HARARE – An exhausted Robson Jack mills around Harare Magistrates’ Courts, his socks filled with handwritten letters — cries from prisoners requesting food aid, legal assistance and pleas for prayers.
He calmly approaches bystanders, pleading if they know one of the inmates’ relatives who was said to be a frequent photographer at the courts.
“Mungazive Benjamin Chidziva? (Would you know Benjamin Chidziva?),” he asks before a tuck-shop attendant advises he can assist.
He breathes a long sigh of relief knowing his brave but suicidal act of smuggling letters out of Harare Central Prison may not have been in vain after all.
Had he been caught, the offence would have earned him no less than two months’ imprisonment, effectively meaning more time in overcrowded cells.
But for the inmates he had spent the better part of his seven years’ imprisonment getting to know, it was one of the easiest decisions he has ever made.
“The night before my release I was given the clothes I came in with so that I could wash them for the next day. That’s how I was able to cut my socks and put the letters inside,” he said with a wry smile.
The 43-year-old left behind a wife and two children when he was incarcerated but his immediate family has not been his first port of call, choosing to first assist friends he met behind bars.
“I want to surprise them,” he said of his family. “They don’t know I am out yet.”
After buying him a drink, this reporter escorts him to his home in Dzivarasekwa to witness the reaction of his family.
However, only his child is at home and the joy is palpable.
Jack takes the Daily News on Sunday through his time in prison which was punctuated by lows insisting he struggles to recall of any bright sparks.
He bemoans the imbalanced diet, inhuman living conditions and general lack of hygiene adding that getting out alive was nothing short of a miracle.
“In prison if you wake up at night thirsty you are forced to drink from the toilet cistern as we are not allowed containers inside the cells. When we would get food, one person would flush while others wash their hands. It was no joke,” he said, adding: “I saw prisoners dying because there was no access to health care and medicine. Two of my friends died of typhoid last week,” he claimed.
“I was even afraid for my life but thank God I made it out alive.”
Jack said meat had become a rare commodity for inmates.
“I can’t remember the last time we had meat. At one time we went for a very long time eating Sadza and Royco mixed with water,” he said.
“I stayed at Chikurubi for four years before I was moved to Harare Central Prison to finish my sentence. It was a difficult time.”
Jack said twice temperatures soured so much that he attempted to escape but was caught.
“In prison there are seniors, those in the D-class with lengthy sentences who may never get out alive, they fuel the flame of escaping because they know they have a very slim chance of life after prison.”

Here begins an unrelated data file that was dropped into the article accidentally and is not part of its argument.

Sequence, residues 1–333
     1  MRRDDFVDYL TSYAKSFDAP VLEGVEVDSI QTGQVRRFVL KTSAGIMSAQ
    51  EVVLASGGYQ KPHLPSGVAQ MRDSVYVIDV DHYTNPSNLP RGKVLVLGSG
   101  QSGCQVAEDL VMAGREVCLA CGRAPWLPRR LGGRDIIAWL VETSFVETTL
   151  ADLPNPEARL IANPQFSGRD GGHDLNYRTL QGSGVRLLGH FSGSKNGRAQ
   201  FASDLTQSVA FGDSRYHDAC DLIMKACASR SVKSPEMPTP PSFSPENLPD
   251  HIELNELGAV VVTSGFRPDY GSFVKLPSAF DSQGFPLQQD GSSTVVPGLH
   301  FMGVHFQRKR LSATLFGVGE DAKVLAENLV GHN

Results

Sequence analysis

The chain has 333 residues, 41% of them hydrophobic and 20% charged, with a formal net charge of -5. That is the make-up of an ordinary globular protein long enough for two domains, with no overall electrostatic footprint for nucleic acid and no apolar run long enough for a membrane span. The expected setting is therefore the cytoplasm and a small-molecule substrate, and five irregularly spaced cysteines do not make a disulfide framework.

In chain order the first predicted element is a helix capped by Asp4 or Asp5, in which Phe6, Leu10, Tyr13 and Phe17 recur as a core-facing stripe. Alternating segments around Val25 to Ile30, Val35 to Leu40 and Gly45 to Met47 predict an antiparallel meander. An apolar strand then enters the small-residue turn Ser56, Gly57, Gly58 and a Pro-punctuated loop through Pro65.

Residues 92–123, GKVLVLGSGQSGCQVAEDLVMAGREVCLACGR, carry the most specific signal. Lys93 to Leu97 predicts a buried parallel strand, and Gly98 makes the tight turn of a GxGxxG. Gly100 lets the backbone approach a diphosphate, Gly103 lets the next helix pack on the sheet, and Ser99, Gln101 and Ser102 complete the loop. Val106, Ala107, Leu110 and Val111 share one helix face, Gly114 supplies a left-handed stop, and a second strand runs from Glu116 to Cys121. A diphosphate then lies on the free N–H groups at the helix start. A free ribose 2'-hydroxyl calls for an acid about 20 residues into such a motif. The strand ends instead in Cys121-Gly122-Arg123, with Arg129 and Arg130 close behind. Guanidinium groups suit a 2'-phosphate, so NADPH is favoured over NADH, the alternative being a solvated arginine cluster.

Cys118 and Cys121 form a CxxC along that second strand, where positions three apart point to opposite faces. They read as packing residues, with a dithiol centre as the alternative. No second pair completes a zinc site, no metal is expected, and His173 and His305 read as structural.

Being imprisoned is a terrifying thought, not only is one suddenly ostracised from society, but it involves being thrown right to the bottom of the social ladder — and if anything happens to you, no one is going to bat an eyelid.
It is no surprise why sodomy is basically a normal part of prison life.
Jack is, however, quick to suggest that contrary to public belief of rampant rape, “it was always done with a mutual understanding”.
Inside, Jack says he learnt the ropes of being an electrician, a trade he hopes to practise now that he is on the outside.
The Zimbabwe Prisons and Correctional Services (ZPCS) are currently providing empowerment programmes despite inadequate funding.
These include inmates receiving educational and professional qualifications as well as various rehabilitation activities.
One of the rehabilitation centres is Connemara Open Prison which houses male inmates who are allowed to go on home leave during their prison terms.
Through these programmes a Harare Central Prison inmate, Agrippa Guti, is now part of the Dynamos Football Club set up after impressing during a social match between the Harare giants and prisoners last month.
However, many government departments do no support the rehabilitation programme.
Currently, government institutions do no employ ex-convicts rendering the rehabilitation programmes being done by ZPCS academic.
ZPCS also wants to see the justice system doing more to support their rehabilitation programmes by offering parole.
“It would come in a big way,” said ZPCS deputy officer commanding Harare Metropolitan Province Elizabeth Banda in a recent tour of prisons by parliamentarians.
“In other countries one is given a certain period on probation where they are monitored to see how best they have fared in terms of rehabilitation (before you are let back onto the streets).
“It would do us a world of good otherwise we are just wasting resources.”
It remains to be seen which route Jack will take after serving time and trying to make ends meet in a system that does not support ex-convicts.
But one thing he is certain of — his socks will go down as one of his greatest memorabilia.